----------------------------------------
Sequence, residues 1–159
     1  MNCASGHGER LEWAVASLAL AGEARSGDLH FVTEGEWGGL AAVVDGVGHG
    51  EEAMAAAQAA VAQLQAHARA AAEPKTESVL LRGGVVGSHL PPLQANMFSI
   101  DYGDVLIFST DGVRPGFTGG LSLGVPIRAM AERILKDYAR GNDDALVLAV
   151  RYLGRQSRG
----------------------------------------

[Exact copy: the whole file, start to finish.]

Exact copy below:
Sequence, residues 1–159
     1  MNCASGHGER LEWAVASLAL AGEARSGDLH FVTEGEWGGL AAVVDGVGHG
    51  EEAMAAAQAA VAQLQAHARA AAEPKTESVL LRGGVVGSHL PPLQANMFSI
   101  DYGDVLIFST DGVRPGFTGG LSLGVPIRAM AERILKDYAR GNDDALVLAV
   151  RYLGRQSRG